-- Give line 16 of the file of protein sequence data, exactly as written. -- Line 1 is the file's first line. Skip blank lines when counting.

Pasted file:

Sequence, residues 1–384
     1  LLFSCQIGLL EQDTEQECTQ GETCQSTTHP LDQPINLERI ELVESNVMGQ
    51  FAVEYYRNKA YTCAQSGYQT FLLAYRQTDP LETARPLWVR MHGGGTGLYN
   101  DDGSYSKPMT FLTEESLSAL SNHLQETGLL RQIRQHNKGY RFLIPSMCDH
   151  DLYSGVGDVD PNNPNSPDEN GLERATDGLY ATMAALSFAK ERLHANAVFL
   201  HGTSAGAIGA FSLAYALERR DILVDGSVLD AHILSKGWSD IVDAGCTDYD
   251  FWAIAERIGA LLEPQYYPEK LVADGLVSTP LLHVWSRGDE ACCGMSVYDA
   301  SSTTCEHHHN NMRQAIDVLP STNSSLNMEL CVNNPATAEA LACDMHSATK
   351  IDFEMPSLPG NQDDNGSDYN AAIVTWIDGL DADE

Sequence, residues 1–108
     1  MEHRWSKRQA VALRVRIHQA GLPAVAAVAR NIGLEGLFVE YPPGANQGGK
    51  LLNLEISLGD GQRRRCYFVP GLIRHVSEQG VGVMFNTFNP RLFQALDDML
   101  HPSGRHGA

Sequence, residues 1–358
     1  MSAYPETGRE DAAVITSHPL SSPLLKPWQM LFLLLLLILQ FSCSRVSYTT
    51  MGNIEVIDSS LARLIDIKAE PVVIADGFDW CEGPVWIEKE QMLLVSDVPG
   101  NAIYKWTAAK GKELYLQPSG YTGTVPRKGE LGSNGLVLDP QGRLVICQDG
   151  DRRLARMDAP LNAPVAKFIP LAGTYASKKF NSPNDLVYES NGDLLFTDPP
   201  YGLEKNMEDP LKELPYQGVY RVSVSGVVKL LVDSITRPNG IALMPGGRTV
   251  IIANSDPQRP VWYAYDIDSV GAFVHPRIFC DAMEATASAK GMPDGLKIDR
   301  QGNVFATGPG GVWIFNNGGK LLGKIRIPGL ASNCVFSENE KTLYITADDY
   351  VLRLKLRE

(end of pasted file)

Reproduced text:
    51  MGNIEVIDSS LARLIDIKAE PVVIADGFDW CEGPVWIEKE QMLLVSDVPG